This race, directed by Mitch Harper and coorganized by others including Chris Reynolds' cousin Judy Tillapaugh, whom we had met this past summer on a Finger Lakes 50s run-through, is one that Steve -- who hails from the Hoosier state -- had participated in three times previously, although in the three-person relay of one loop each. Judy and her coconspirators put on a wonderful event. We can't comment on the pasta dinner or pre-race-day packet pickup, but on race morning we each collected a chip, personalized bib, HUFF T-shirt, HUFF hat, HUFF ice scraper, and manly deodorant -- huh? -- in a heated tent in the park campground, a location that would later double as a smorgasbord of soup for our postrace enjoyment. At the three aid stations, volunteers cheerfully offered up the usual (partially frozen) liquid refreshments, as well as a variety of cookies, pretzels, potato chips, peanut M&Ms, and suchlike. Loop after loop after loop those folks retained the encouragement and sunshine in their voices despite the likelihood of well-frozen feet and noses.
Some highlights of the race:
The Boom -- After standing in the midst of the crowded start line of shivering runners, a Civil War-era cannon sent us on our way just post-sunrise, with the shock wave reverberating strongly in our chests. Guess that's one way to make sure no one has a heart attack on the course: get any potential event over with before the running begins!
The Start -- It was just like Christopher Robin and Winnie the Pooh's "expotition" to the North Pole: a long line of everybody. The first half mile was on the park road to let the field of runners sort itself out, but it didnt work so well. With the intention of more than 32 miles to go, we started slow and easy. A good plan. But once folks ventured off the road and onto the snow, many didn't seem to know what to do with their feet. One would think that a person about to run either 10.8 or 32-ish miles on snow would first check out what that surface felt like. Good deal, though, that there was sufficient room on either side of the single-file line to trot along in the deeper snow at a comfortable pace. Three miles into the course came the first road section -- actually, a bridge across the reservoir's dam -- which spread out the runners, and the remaining hours brought no congestion.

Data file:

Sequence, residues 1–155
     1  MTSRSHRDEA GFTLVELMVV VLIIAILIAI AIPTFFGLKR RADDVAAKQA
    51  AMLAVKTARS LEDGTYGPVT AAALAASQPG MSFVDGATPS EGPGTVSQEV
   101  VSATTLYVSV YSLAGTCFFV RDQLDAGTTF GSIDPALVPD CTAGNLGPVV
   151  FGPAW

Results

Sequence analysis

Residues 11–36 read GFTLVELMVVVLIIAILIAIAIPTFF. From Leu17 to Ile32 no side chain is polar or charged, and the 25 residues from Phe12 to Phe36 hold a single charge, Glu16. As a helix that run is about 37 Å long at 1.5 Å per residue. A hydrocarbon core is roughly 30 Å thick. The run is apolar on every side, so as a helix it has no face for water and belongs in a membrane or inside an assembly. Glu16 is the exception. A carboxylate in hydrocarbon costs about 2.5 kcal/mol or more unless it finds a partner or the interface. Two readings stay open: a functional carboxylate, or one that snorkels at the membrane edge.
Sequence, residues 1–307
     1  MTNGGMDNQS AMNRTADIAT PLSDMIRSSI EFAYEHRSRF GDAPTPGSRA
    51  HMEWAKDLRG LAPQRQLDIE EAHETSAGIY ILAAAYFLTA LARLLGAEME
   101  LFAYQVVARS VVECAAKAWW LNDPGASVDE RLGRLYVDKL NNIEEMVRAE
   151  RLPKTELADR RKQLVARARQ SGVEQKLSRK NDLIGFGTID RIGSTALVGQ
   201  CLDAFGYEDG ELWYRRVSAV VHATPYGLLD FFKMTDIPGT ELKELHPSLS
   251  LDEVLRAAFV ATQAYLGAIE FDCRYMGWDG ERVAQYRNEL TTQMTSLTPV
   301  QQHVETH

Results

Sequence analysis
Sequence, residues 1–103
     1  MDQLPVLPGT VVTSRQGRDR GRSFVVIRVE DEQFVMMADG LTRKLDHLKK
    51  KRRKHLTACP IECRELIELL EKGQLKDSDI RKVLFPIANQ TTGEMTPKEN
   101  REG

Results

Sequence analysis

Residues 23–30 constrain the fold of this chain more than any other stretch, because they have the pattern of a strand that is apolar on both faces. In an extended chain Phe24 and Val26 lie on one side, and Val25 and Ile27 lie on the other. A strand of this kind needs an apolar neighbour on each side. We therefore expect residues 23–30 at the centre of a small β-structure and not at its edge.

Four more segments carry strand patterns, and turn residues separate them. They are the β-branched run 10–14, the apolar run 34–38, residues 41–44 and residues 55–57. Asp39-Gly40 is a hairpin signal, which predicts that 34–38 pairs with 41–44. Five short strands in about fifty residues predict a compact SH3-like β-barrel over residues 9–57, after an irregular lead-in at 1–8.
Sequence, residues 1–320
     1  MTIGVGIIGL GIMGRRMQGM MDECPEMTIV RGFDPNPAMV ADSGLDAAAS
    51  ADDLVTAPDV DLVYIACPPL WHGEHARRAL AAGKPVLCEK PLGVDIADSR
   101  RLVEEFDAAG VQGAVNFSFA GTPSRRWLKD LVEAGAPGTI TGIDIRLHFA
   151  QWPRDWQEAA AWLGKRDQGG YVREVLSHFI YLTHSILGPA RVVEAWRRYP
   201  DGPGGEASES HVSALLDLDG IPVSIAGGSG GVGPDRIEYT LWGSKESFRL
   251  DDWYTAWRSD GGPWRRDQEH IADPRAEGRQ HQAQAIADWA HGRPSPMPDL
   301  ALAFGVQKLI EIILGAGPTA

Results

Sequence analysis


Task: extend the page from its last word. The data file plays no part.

The Gunshots -- Toward the end of loop 1, Nancy and Steve first heard them even though we were about a third mile apart (Nancy ahead of course!). Having lived in Schuyler County for a decade, and seeing no runners keeling over on the trail nearby, Nancy thought little of the gunshots that pealed out from across the lake. On loop 3 she definitively discovered the source. Early Saturday afternoon must be an active time for the firing range near the loop's sixth mile. Passing another runner as a shot rang out, Nancy remarked, "I bet they're doing that as an incentive to make us run faster." The reply: "Maybe it's working for you, but not for me!" After all, it was roughly mile 26. It was then that Nancy realized that she had indeed been passing by many men who had started out faster than suited them at this late point in the race and that she hadn't noticed another female three-looper in probably 20 miles.
The Thirst -- Shortly before that final encounter with the firing range, Nancy got suddenly thristy, despite steadily drinking ~10 oz. Of ice-crusted oh-so-delicious blue Gatorade at every aid station. Most likely it was due to impending fatigue to which she didnt slacken the pace but instead succumbed to mouth breathing.